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  • Writer's pictureMark Mardell

The Benefits System

Updated: Mar 30

The benefits system can feel, at times, like an unnavigable maze, especially for people with Parkinson's whose conditions are so varied and fluctuate so regularly. On today's episode of Movers & Shakers, the gang gather in the pub to try and put the benefits system on trial (at least, that's what The Judge does). From PIP payments to Universal Credit, how much support is there really for people struggling financially under the pressures of Parkinson's? And does the system, at present, do enough to maintain the dignity of people forced to engage with it?

By Podot

Each week Rory Cellan-Jones guides us between the laughs and moans in the pub. To read Rory's summary of this week's episode click here.


 Guest Biography

Sue Christoforou

Sue Christoforou is a Policy Manager at Parkinson’s UK, covering welfare benefits, employment and transport. Her role involves working with people with Parkinson's to understand how government policy affects them and what change we can influence to improve life for people living with the condition. She has worked in policy influencing roles for a wide range of health and other charities over a number of years and joined Parkinson's UK in 2022. Sue is passionate about working with people with Parkinson’s to make sure their voice is heard by policy decision makers.

Here's a link to a blog on the report, Still Nowhere Near Enough, which includes a link to the report itself, information on where people can get help and a campaign action to take.


Karen's Story

Karen like many people living with Parkinson's has been struggling financially for a while because of a misunderstanding of her condition by the benefits assessor. A former dog groomer and trainer, Karen was forced to give up her business because of a loss of strength and dexterity to handle dogs. Karen cites that at the age of 62 with no transferable skills, she felt forced to turn to benefits to support herself, but she was rejected. Karen's limited income left her barely able to cover the basics, such as food and heating. She also became socially isolated because of a lack of funds and being forced to move into a cheaper area away from friends to save money on rent.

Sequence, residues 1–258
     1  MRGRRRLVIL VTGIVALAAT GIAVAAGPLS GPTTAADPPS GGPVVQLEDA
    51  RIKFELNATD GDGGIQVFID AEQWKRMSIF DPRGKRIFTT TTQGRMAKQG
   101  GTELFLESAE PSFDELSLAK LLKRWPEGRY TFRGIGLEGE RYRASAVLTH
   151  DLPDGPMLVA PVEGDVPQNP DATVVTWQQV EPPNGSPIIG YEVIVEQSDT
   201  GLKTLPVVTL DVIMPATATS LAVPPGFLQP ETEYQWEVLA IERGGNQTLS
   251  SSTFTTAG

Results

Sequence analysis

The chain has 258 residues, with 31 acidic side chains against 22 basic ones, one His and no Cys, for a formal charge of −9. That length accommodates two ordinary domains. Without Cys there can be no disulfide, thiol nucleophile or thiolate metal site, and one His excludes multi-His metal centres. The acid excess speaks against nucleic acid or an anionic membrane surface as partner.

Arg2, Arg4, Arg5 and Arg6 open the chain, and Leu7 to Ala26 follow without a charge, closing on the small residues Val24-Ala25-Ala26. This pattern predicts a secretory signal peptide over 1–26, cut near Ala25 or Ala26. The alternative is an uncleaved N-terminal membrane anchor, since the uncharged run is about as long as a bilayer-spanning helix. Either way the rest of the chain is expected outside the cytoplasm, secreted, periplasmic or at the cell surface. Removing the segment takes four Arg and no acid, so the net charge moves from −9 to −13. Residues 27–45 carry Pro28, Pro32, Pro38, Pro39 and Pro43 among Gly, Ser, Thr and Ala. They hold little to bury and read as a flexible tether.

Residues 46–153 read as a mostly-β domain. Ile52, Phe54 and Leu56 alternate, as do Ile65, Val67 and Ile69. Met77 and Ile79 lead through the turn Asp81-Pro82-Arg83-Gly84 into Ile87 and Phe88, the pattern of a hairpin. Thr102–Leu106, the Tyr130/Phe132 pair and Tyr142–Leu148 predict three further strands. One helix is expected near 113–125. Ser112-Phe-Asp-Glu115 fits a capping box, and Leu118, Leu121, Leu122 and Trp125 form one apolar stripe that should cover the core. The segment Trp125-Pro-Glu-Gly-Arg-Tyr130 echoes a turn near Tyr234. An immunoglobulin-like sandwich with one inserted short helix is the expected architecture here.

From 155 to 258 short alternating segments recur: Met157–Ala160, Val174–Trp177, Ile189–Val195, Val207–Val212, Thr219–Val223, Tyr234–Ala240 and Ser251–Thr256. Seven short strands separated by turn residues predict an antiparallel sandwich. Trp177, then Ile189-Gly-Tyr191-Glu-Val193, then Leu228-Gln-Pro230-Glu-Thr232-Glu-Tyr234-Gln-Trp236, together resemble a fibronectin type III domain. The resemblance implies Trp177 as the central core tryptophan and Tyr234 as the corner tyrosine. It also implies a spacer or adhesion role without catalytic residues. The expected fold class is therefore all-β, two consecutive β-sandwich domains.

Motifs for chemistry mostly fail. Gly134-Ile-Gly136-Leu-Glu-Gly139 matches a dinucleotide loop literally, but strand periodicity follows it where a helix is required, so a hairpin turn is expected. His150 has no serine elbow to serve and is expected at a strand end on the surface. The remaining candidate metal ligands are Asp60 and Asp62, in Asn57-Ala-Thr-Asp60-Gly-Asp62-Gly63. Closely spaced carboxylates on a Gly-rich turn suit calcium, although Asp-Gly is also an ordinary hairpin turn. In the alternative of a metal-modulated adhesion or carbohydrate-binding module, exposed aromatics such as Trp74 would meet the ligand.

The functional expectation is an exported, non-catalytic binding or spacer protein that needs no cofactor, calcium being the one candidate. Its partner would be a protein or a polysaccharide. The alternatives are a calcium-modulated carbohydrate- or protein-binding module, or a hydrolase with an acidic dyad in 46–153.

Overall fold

Not long ago, PUK received this update from Karen.

Things are finally looking up for me after 2 awful years of stress and trauma. I have recently, with the help of Jane and Tina (Benefits advisors from PUK), got the enhanced rate of PIP and now have a Motability car on order. I also start drawing my pension at the beginning of March so things are easier financially. And I am moving away from this awful area into a lovely little annexe at a friend's house out in the countryside which is going to be so much better for me and the dogs. I am already feeling so much better mentally and I've not even moved in!! 


Some useful links

Parkinson's UK - The Chancellor's Autumn 2023 Statement & Parkinson's

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Apr 01

My HWP is 71. He has just applied for Attendance Allowance. It is a 30 page document and we found it difficult to complete. Fingers crossed he will be eligible for it. Surely, with a diagnosis of PD and on PD meds - this should be an automatic benefit. As set out in the Parky Charter - hopefully others over State Pension age will receive Attendance Allowance at diagnosis.


Mar 25

The episode on PIP was excellent but one detail was omitted. You have to claim PIP before you are eligible for state pension. After that point you claim Attendance Allowance. If you have been awarded PIP before you reach pension age you continue to receive it afterwards. I would hate older people struggling through the PIP form and then finding out they have applied for the wrong benefit.

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